Local councils should carry out both technical accessibility testing and
user testing of their websites to minimise exclusion of people with
disabilities, and not just take one or other approach, a new report from
the local government Society of IT Management (Socitm) finds.
The report, a special supplement to Socitm’s annual ‘Better connected’
review of all UK council websites, examines the reasons behind an
alarming downward trend in accessibility in 2008. The accessibility of
UK local council websites fell by almost 50 per cent since last year,
with just 37 out of the UK’s 468 council websites achieved the most
basic technical standard of accessibility in 2008 – level ‘A’ of the
World Wide Web consortium’s web content accessibility guidelines
(see E-Access Bulletin issue 99, March 2008 for further reporting on
the Socitm findings).
The society’s new supplement says that to avoid future problems
councils should combine technical accessibility testing with user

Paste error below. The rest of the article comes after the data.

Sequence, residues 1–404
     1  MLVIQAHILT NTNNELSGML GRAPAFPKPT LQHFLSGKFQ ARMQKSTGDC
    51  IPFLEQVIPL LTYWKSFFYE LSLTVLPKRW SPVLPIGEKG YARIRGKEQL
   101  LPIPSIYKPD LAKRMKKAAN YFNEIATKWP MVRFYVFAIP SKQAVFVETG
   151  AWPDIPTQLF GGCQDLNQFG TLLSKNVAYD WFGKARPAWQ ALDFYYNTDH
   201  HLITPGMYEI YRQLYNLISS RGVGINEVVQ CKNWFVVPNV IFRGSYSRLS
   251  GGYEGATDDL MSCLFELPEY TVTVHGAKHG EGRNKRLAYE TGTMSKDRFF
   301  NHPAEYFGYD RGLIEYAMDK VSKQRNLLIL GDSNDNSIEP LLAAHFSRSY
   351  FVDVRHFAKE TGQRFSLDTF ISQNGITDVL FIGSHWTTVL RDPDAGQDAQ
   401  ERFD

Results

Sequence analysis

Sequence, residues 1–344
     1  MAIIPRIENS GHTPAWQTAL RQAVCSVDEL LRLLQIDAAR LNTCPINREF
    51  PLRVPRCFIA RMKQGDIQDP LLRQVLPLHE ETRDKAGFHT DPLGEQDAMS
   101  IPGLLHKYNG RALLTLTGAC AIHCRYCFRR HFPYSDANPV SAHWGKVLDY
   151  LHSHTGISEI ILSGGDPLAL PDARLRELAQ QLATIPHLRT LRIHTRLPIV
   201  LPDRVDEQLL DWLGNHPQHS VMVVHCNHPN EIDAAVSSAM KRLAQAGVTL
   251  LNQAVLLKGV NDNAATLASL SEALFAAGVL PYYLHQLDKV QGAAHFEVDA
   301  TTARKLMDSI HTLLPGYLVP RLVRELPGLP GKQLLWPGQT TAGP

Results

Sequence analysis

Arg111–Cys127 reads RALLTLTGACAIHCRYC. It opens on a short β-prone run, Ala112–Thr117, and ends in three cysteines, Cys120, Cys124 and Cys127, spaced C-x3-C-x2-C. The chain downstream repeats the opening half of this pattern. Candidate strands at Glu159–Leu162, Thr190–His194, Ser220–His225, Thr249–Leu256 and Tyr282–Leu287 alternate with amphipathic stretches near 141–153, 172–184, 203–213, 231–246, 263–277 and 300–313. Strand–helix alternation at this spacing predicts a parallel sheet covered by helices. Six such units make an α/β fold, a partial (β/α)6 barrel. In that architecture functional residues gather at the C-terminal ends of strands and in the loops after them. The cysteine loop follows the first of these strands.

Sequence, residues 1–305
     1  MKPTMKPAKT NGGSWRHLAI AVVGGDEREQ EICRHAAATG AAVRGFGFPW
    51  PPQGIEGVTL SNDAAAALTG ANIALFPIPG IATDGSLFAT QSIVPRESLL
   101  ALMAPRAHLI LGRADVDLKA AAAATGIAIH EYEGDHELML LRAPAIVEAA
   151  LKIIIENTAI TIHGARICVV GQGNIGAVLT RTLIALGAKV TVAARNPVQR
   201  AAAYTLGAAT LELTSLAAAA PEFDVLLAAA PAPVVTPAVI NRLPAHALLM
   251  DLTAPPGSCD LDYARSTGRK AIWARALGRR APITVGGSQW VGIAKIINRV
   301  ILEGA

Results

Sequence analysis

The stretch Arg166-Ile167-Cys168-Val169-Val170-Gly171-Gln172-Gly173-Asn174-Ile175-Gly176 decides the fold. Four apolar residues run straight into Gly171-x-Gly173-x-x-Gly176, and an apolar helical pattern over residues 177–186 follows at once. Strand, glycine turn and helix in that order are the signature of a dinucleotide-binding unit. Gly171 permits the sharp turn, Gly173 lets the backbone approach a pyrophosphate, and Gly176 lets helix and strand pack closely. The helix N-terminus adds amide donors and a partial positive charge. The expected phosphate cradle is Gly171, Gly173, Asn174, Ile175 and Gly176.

testing. The former is defined as measurable points that allow access;
the latter as evaluation of actual attempts to perform tasks on a website.
“A site that offers good technical accessibility might not be usable by
disabled people, if the layout and other issues do not take their needs
into account,” the report says. “It is not the case that organisations
should follow one approach or the other. They should follow both.
“The one approach considers the key technical guidelines that should
be adopted across the site. The other approach considers the many
different perspectives of a website that depend on the tasks to be
undertaken, the specific characteristics of the disability and the many
different combinations of technology that one might be using.
“It is quite feasible that any failures in meeting technical guidelines
may not apply in any single user experience, but they are very likely to
apply in a significant percentage of user experiences. Equally, it is
quite feasible that any failure in a single user experience may not relate
to any of the technical guidelines and that this might be the case in a
large number of user experiences.”
The supplement also finds that five common errors account for 76% of
all types of technical accessibility failure reported by RNIB, and that
removing them would increase by up to 50% the number of technically
accessible council sites.
For a full report on the five common errors see: www.headstar.com/eablive/?p=183